Grace Jones, Shabba Ranks,Chaka Khan

 

Eccentric, groundbreaking, triumphant and tumultuous may all be words to describe Grace Jones, Shabba Ranks or Chaka Khan , at some point in their illustrious careers.

All have had long career breaks, but their enduring personalities remain a pull, and of recent all three are on the comeback.

When I saw Jones at JFK Airport this month, I did not immediately recognize her. She was dressed in all black, in an outfit resembling aviation pioneer Ameila Earhart – hat included.

It was true Jones. Whatever your views of her are, she knows how to make an entrance.  Immediately I thought of her movies ‘Conan the Destroyer’ and ‘Boomerang’. Of course I began to detail her movies to her and she was quite indulgent, repeating signature phrases from Boomerang. She told me to look out for her new documentary and to buy ‘I’ll Never Write My Memoirs’ her recent book and departed with a hand-shake.

And sometimes you have to pay your way to that celebrity access.

I could not pass up an opportunity to hear my feel-good song, ‘Through the Fire’ by Khan. So I paid the $60, after discount, for the May 13 fundraiser at Brooklyn Center for the Performing Arts. Khan is currently working on a series of mixed media visual works and a new CD for release this year, says the Center.

Well, I did not get to hear ‘Through the Fire’, but ‘Everlasting Love’, ‘Naughty’, ‘Tell me Something Good’, ‘Sweet Thing’, ‘Ain’t Nobody’, and the powerful ‘I’m Every Woman’ made up for it. I cannot say if the two unexpected restroom breaks prevented me from hearing my feel-good song. Or her heavy emphasis on her 70s songs. But my friend and her mother who were enjoying a pre-mother’s day outing enjoyed the experience. And being serenaded by the legendary 10 time Grammy winner who can complain.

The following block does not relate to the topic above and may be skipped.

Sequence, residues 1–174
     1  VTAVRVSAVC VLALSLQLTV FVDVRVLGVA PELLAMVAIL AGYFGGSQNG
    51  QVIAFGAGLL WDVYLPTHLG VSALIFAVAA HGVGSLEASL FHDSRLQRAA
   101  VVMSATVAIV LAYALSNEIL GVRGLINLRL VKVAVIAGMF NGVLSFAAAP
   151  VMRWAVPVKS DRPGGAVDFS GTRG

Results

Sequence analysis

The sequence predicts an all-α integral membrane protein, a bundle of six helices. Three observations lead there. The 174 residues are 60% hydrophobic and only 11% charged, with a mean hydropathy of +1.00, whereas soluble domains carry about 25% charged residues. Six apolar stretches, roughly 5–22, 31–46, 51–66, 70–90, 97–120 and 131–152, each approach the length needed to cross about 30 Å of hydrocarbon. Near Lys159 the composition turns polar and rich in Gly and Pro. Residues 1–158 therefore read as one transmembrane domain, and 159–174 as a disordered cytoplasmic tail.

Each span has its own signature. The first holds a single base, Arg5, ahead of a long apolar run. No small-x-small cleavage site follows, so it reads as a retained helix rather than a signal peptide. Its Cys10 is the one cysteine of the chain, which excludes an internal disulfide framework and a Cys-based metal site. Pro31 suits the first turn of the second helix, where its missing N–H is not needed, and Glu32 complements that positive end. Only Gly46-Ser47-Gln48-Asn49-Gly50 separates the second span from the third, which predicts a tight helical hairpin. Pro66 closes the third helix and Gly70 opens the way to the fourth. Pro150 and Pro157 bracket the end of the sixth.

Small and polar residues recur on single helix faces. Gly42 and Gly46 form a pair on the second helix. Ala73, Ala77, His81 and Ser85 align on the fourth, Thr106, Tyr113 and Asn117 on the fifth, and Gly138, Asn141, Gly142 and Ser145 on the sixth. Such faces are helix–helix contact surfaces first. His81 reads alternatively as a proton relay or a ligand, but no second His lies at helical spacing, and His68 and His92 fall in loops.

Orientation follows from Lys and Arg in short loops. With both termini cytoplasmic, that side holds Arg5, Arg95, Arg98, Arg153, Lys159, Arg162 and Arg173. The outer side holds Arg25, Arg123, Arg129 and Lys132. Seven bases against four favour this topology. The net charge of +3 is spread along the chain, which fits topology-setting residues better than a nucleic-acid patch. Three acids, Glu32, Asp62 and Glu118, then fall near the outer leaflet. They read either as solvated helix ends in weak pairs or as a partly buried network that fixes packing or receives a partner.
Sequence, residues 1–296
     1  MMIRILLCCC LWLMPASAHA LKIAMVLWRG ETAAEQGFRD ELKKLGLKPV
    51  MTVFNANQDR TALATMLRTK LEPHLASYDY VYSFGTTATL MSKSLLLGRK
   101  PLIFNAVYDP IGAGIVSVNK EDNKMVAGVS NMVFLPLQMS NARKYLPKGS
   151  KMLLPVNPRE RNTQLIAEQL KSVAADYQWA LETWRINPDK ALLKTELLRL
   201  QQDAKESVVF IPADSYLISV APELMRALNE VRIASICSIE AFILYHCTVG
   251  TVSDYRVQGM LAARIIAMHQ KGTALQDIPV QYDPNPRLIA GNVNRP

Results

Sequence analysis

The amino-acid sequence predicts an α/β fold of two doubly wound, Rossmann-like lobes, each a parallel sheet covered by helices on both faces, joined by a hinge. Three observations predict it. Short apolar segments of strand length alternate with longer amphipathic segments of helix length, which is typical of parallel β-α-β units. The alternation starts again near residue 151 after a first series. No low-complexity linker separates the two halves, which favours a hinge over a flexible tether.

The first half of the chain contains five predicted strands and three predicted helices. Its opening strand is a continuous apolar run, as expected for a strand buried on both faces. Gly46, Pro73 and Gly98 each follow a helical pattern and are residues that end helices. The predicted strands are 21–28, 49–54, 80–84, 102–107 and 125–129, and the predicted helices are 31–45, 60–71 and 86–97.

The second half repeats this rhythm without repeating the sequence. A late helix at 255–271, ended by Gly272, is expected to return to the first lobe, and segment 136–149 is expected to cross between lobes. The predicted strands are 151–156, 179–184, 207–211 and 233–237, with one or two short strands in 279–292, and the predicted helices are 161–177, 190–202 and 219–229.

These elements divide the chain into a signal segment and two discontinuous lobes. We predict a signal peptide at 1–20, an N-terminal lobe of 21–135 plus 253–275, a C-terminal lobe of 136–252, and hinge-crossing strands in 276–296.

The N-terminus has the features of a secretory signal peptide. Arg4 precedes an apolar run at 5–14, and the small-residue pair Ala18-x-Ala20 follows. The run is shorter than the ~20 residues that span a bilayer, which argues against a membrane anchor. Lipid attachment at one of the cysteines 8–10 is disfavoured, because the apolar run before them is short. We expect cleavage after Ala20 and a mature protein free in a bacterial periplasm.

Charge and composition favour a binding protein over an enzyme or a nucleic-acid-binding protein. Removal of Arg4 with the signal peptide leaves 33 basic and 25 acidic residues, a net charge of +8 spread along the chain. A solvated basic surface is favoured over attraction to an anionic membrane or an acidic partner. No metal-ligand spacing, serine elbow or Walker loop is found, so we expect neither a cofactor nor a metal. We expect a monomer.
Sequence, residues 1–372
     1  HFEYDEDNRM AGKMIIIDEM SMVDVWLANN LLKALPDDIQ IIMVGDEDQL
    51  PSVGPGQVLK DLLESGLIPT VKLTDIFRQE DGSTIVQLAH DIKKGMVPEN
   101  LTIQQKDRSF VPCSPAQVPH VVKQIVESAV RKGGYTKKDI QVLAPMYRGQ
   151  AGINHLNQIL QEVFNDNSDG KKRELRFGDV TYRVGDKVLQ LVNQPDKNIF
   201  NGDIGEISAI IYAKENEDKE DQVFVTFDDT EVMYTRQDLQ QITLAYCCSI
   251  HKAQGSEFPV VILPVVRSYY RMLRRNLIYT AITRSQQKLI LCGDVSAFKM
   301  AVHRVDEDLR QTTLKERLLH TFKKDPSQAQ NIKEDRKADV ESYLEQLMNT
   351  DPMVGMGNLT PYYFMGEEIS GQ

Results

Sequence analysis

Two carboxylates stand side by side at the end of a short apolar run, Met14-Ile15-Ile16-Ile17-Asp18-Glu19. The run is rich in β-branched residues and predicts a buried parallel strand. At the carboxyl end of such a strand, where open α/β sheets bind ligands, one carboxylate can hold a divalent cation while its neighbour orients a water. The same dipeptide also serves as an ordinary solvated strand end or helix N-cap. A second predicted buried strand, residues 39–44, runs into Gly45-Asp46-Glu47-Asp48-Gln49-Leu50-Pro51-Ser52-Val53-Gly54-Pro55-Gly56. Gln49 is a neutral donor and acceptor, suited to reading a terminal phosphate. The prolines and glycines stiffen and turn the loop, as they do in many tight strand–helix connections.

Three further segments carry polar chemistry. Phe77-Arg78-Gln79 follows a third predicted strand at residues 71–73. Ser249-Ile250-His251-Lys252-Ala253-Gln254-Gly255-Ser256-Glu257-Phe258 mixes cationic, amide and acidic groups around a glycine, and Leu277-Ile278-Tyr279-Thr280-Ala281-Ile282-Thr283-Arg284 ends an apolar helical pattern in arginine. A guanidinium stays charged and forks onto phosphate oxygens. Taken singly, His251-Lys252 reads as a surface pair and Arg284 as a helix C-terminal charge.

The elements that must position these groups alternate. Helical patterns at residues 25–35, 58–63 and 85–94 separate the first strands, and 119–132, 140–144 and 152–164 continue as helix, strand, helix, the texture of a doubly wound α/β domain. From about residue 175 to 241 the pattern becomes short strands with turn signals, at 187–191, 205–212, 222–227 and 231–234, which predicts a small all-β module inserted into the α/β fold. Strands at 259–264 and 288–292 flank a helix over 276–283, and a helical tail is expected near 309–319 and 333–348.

And in April on his way to Trinidad and Tobago I met Jamaican Artist Rexton Rawlston Fernando Gordon aka ‘Mr Loverman’ also at JFK.  It was a fleeting contact that I made the best of. “I love your music,” I said, as he passed with his wife Michelle. ‘There is more coming,’ he said. I remember 90s hits like ‘Ting-A-Ling’ and ‘Twice my Age’ hits that define dancehall at the time. Of course he had hits like ‘Bedroom Bully’ and ‘Mr Loverman’, the question now is what lyrics can we expect. The legendary Ranks was the first to win a Grammy for his genre.

And so we wait!

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Jamaican Ballet and Moko Jumbie

By Nicosia Smith

A story of folk songs, reggae and dancehall music is wonderfully told through graceful and skillful dancing.

When watching the National Dance Theatre Company of Jamaica (NDTC) you get an authentic, down-to-earth Caribbean experience through dance.

Choreographer Renee McDonald, ‘Into The Blue’ (2015), revised 2016, reveals a beautiful mixture of Caribbean integration. Nineteen dancers in blue danced as if the ocean pursued. It was a scene of battles lost and won at sea. Their fluid movements created a lot of waves that took you through the waters with them. The powerful dance moves, although distinctly Caribbean got a twist with official soundtracks from the movies ‘Gravity‘ and ‘Kung Fu Panda‘. To become a ballerina it takes years of training, some dancers begin at 4-years-old. But after seeing this piece these dancers have what it takes for ballet. I believe it should be the next step the company takes.

However, this will take more than just will but on the ground support.

Dance, culture and the arts must become more meaningful to the Caribbean populous. Our love for dance must transform our focus to demand more from our entertainment than street corner parties. It means we must support formal dance projects.

But back to NDTC.

NDTC co-Founder Rex Nettleford choreographed ‘Gerrehbenta’ an all traditional Caribbean folk piece. The folk singing, dancing and drumming in Gerrehbenta is charged with traditions, namely African ones. This piece showcase’s to its fullest that part of the Caribbean culture that was adopted from Africa.

It reminds us of a people brought to the Caribbean against their will. And reflex the content of their minds and the fight in their spirits to survive. I like that even the cloth around the waist and necks of the dancers were interwoven into the piece, as skirts flared and pants waist were tighten. In the center of this dance is a long moko-jumbie like character, with a cow-like mask a-top the colorfully clothed stick frame. The NDTC noted that the dance takes its name from two of the major traditional rites practiced in Jamaica, ‘gerreh’ in Hanover and ‘dinky-mini’ which uses the musical instrument, the benta, in St. Mary.